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Old 04-22-2015, 03:12 PM   #51 (permalink)
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If you go faster without the fairing, is it really an aerodynamic improvement? Maybe I'm missing something.

35 on a faired TT bike sounds more accurate. I don't think I'd like doing that kind of speed on a bike on the street anyway, with pinch flats and all. I'd definitely be running tubeless tires 2" wide or more for peace of mind and comfort. I wouldn't trust most recreational/occasional riders to be zipping around over 15 mph anyway, since no one really teaches kids or adults in this country how to ride safely.

You've obviously got quite a bit of experience in the motorized bicycle arena, and I stay out of that. What I can say is that a Michigan officer who shall remain nameless admitted that the likelihood of getting pulled over on a bicycle, even for running a red, is very small due to legal grey area and the difficulty of prosecution. I still try to be respectful to other road users and the law, but sometimes it's safer to bend the rules a bit. I think there is some understanding from law enforcement, but it's not entirely consistent so, of course, bend rules at your own risk .

I imagine that if you are riding an e-bike respectfully there wouldn't be much of a problem. People often ask my friend with the Pugsley and frame bag where the motor is. He points at his legs. I take this to mean that most people have a positive view of e-bikes, or are at least curious.

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Old 04-22-2015, 03:26 PM   #52 (permalink)
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Quote:
Originally Posted by Sven7 View Post
If you go faster without the fairing, is it really an aerodynamic improvement? Maybe I'm missing something.
Cd improvement + A increase = CdA loss.
Aerodynamic improvement, yes. Utility improvement, no.
But it's a step forward, working and learning.
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Old 04-22-2015, 03:58 PM   #53 (permalink)
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At this point my front fairing by itself is mostly good for weather protection. It is the first step in a full body system. It is light, very easy to make, and is very stable in high winds. What started me going was the now famous article in Scientific American Dec. 1983 (see zzipper.com). Compare the numbers of an aero tuck racer to the Easy Racer, they are very close. What we easily could see is a combination of the Oscar Egg Rocket tail and the Zzipper style front bubble attached to the head tube.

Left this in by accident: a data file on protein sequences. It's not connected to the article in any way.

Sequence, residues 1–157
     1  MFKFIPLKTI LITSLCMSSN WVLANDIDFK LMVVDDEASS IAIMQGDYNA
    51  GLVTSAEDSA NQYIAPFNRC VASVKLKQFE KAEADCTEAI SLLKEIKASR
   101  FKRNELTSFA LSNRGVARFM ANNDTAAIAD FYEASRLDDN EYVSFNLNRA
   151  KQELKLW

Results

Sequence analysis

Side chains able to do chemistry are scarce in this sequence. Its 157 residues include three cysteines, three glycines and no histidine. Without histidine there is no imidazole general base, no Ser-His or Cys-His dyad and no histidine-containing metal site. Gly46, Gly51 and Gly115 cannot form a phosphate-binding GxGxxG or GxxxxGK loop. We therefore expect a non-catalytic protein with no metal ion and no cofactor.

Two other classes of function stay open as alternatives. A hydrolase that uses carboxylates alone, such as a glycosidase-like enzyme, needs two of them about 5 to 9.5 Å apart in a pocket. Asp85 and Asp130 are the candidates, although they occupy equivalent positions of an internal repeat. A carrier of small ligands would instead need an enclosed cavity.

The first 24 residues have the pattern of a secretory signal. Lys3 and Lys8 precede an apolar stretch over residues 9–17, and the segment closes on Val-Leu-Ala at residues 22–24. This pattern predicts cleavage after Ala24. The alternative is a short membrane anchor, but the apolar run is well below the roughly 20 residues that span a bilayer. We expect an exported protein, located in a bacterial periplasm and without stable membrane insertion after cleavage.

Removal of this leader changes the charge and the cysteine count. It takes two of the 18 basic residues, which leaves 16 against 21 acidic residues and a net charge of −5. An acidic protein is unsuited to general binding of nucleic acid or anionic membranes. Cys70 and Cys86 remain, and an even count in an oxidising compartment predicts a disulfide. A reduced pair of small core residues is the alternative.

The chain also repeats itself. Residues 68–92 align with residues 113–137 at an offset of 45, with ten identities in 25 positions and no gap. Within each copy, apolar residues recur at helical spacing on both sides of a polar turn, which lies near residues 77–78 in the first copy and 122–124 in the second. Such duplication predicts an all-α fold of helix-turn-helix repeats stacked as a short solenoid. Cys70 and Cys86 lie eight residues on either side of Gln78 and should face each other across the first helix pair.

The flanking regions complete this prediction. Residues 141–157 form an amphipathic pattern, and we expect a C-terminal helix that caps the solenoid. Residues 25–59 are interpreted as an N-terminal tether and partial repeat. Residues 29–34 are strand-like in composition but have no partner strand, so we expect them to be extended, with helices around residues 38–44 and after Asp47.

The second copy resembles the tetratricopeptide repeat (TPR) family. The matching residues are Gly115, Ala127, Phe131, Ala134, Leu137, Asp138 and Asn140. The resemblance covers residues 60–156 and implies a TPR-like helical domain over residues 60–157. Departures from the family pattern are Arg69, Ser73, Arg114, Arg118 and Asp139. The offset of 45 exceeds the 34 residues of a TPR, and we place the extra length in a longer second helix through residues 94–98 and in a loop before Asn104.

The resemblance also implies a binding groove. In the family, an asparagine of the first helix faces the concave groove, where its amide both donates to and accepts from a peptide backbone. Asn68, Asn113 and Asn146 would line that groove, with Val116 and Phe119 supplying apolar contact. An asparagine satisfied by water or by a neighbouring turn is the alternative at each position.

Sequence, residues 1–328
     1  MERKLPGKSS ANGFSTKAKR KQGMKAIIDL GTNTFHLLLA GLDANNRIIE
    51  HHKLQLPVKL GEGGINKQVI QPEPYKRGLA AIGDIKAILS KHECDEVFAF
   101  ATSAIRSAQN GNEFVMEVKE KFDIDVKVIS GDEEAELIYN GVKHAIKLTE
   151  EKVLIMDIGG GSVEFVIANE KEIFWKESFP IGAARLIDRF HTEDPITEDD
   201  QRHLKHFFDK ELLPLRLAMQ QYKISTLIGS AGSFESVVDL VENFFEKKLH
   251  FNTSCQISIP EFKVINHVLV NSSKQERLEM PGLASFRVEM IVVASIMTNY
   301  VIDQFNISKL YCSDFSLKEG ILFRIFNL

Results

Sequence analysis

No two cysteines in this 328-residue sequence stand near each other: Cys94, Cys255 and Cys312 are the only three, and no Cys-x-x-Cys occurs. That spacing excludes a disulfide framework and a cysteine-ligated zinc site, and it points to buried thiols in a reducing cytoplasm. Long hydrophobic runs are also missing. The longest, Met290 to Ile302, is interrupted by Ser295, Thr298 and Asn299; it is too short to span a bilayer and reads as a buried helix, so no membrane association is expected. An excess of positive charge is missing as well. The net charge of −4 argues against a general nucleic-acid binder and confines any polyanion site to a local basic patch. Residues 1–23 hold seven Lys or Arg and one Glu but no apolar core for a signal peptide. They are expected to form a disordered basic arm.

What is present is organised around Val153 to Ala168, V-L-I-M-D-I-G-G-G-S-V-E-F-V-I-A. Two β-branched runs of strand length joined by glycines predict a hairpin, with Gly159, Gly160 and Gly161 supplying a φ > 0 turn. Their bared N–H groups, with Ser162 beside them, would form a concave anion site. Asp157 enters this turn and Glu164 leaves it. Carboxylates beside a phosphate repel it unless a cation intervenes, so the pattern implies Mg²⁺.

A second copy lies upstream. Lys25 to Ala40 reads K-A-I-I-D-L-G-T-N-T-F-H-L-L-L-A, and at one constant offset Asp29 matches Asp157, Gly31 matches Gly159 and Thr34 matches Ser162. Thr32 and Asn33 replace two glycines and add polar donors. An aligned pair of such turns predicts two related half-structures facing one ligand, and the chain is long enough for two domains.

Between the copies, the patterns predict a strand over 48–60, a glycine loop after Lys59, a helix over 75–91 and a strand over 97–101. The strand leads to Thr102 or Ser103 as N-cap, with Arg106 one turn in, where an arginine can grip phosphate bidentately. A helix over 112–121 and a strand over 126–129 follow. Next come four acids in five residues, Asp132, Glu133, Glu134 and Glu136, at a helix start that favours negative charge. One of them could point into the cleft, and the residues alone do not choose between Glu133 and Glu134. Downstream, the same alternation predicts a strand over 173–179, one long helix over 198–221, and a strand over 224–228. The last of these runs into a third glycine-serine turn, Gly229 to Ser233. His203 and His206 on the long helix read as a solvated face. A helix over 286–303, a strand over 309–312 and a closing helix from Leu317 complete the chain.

Getting on and off is a real issue. Moving the tail or a side panel is needed for access.

I expect to see more on handle bar water bottles and aero bottles mounted to the seat tube between the knees. Consider mounting the water bottles behind the seat horizontally so they can be used without raising the shoulders as much.

Based in the work done by Trek for the Speed Concept Kammtail Virtual Foil I will try adding some foam strips to the round tubes of my steel test frame.
Since I cannot afford blade spokes yet, I may try using some weed eater string and electrical tape to streamline the spokes in addition to partial front wheel covers.

As for tires I can see wider tubeless semi slick tires given the conditions of roads these days. Maxxis Hookworms have been joined by similar products.

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Old 04-22-2015, 04:25 PM   #54 (permalink)
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Ah, gotcha. A good place to start, no doubt.

I wonder if, instead of mucking about with spoke shape, one could develop a special hub brake specific rim design that had air trips to reduce the drag of spokes. Surely this would be hard to pull off, but maybe useful. Maybe the tires themselves could have trips. Maybe a special wheel cover could be developed that would have low Cd from the front, say at a 10 degree yaw or less, but would allow side winds to pass through. I'm imagining a louver cross section revolved in the Y axis.

Also, shouldn't this be in the Alt Transport forum?
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Old 04-22-2015, 10:14 PM   #55 (permalink)
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If it is bicycle specific I suppose it would. Wheel aerodynamics may have application to motorcycles too. A sketch would help us grasp the concept better.
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Old 04-23-2015, 11:32 PM   #56 (permalink)
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Remember that zigzag tape for glider planes?